If you are new to the Spire API, it's useful to have a platform from which to assemble and try examples. People all have different learning strategies. This document tries to approach the API by providing a means to execute examples, and see their results. This can be challenging, because API use generally involves some degree of development effort, and the tools, languages and frameworks vary in complexity and there are many of them. The goal here is to provide some level ground from which to build knowledge and facility with the API.
This example uses a free application called CURL. It's a generically used, freely available command line application. With it, you can do everything that the Spire API browser (the web based way of accessing the Spire API) can do (and a lot of things it cannot). For reference, Spire QA uses this tool, and many API examples in order to build companies and setup test data for test automation. It's fast, relatively easy to use, and it removes the complications of discussing the plumbing of other tool chains and languages. Even if your goal is to write a complex, object oriented, compiled application this topic is a good place to start. All the examples in this topic and in the rest of the forum can be tested and experimented with using Curl.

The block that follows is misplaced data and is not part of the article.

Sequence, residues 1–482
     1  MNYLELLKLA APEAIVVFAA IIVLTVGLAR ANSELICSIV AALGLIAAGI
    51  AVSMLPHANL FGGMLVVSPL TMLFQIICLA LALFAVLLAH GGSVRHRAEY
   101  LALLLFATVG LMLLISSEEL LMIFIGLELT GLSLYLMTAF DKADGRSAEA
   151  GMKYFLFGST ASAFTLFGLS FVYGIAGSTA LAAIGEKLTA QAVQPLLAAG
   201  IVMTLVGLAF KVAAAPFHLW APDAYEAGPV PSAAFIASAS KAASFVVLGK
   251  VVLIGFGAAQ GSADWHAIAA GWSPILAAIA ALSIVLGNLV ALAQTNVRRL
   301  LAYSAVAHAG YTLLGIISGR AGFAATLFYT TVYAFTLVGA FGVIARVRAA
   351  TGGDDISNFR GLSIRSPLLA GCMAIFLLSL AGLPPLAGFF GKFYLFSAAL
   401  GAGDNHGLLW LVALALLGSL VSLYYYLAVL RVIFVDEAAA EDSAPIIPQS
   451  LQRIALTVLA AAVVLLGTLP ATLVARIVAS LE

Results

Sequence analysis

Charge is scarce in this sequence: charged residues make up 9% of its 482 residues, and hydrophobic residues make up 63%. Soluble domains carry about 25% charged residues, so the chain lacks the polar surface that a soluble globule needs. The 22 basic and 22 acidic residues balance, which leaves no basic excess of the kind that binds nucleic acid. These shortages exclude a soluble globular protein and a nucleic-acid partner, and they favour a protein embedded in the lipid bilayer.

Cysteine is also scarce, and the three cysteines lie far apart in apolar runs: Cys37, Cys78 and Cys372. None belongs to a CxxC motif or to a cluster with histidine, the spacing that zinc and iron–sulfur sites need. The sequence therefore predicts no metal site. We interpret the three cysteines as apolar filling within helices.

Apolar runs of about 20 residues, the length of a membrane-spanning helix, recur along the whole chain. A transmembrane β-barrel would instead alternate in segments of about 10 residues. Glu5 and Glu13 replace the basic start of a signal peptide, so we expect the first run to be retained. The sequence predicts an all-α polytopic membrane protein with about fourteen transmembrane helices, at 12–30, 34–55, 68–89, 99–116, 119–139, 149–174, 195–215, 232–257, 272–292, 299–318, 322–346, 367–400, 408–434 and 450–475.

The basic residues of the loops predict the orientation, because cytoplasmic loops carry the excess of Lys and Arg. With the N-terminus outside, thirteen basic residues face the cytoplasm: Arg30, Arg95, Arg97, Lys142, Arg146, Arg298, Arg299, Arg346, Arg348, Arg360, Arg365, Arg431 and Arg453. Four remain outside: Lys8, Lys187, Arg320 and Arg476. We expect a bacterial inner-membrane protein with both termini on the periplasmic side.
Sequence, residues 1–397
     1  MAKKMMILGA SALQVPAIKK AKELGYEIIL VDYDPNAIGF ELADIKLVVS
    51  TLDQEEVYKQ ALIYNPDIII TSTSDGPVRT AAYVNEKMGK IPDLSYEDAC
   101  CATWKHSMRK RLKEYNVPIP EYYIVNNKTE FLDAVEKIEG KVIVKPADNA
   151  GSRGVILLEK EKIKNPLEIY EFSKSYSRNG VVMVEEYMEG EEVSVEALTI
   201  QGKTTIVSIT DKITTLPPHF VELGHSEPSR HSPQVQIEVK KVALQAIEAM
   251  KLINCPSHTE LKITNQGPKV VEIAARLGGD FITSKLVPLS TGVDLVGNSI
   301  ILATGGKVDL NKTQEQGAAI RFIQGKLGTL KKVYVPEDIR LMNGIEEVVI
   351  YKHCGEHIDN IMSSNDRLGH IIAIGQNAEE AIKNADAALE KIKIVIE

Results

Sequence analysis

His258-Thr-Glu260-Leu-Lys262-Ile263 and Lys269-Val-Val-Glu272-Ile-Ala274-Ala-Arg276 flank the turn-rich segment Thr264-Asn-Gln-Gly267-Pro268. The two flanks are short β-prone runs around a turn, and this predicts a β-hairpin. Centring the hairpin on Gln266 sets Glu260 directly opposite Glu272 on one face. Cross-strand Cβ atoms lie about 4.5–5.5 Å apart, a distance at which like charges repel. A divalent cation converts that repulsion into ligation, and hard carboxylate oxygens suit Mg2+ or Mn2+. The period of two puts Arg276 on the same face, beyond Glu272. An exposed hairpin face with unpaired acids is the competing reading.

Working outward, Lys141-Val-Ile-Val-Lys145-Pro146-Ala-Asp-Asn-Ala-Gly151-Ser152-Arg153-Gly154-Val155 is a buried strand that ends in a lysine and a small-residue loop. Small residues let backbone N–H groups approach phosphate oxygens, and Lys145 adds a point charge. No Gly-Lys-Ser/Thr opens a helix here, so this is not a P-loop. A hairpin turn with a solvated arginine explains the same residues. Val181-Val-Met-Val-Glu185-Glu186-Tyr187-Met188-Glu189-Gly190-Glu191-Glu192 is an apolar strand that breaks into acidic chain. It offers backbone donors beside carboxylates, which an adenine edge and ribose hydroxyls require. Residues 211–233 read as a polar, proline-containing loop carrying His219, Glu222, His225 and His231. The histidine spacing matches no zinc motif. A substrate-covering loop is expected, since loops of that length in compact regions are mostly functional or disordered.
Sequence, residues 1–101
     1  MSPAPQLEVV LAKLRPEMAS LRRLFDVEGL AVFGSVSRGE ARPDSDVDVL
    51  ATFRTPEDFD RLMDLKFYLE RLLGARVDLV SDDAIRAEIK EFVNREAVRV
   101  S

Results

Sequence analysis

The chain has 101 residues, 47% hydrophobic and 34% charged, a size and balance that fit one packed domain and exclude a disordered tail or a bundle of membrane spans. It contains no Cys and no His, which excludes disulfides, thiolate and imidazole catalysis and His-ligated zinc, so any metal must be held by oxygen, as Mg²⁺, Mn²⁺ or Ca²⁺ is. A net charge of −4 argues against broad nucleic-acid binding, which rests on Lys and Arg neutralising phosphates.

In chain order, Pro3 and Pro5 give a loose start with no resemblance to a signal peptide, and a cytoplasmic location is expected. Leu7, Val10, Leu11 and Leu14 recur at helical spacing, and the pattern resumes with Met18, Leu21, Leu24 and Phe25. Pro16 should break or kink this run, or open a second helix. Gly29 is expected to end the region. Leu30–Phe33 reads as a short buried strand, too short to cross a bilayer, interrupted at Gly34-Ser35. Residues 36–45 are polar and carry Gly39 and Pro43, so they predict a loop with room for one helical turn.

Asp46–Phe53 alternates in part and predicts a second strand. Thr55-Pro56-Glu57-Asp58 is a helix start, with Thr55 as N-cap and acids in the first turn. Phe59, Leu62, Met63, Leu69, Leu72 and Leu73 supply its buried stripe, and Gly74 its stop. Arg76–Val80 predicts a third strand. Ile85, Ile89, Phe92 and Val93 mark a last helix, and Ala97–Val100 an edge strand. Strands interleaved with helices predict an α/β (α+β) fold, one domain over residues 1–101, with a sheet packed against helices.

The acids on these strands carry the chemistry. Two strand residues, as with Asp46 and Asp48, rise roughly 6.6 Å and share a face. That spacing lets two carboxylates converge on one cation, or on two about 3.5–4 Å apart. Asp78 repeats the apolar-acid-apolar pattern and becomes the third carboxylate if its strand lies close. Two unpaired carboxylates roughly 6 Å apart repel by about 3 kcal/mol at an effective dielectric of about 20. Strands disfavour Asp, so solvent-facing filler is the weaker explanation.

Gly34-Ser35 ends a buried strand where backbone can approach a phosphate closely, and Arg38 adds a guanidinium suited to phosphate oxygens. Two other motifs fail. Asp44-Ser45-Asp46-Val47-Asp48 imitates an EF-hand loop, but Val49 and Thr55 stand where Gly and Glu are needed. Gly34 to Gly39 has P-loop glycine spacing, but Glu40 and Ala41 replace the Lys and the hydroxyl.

Note that a prerequisite before beginning is that the Spire application and server be installed, and that there be a known url where you can access a Spire company. Ideally, you can login to this company and work back and forth between the Spire desktop user interface, and the API. This is really helpful for validating results (e.g. Did the part number I tried to created get created in the expected way). It's also important to mention the that Spire API honors the same constraints as the Spire user. If a user cannot, for example, access General Ledger resources, they will be blocked in the Spire API as well.
* Be aware that you can effect data with the Spire API, and this extends all the way up to and including deleting an existing company. Use care, and make sure you have complete backups before proceeding.
"localhost" basically means "this machine". You can replace the Url with your ip address, a server name or the allocated Spire hostname. A hint here - If you logon to Spire desktop and choose "Tools, Spire Server Administration" you will be re-directed to the correct Url.
A couple of key concepts
Rest API's use a small number of HTTP verbs. POST is generally used on a collection in order to create a new resource. PUT is generally used to update or change an existing resource. You normally use a PUT verb on an endpoint (rather than a collection).
Collections are are expressed to the Spire API as groups of records. The following is a collection;
Endpoints represent a specific resource. The following is an endpoint;
Notice the the presence or absence of a forward slash determines whether a url is addresses as a collection or and endpoint. In the above example, the url points to a specific part number with the ID of "1".
Structuring Json can be a challenge when you are doing it by hand. Note that generally in larger applications you will use tools to help you with this. Ultimately some kind of object model is often build to map your data to Spire expectations. That is beyond the scope of this discussion, but it's useful to be aware of this.
There are a number of other examples in this forum that should be easily adapted to the example provided here.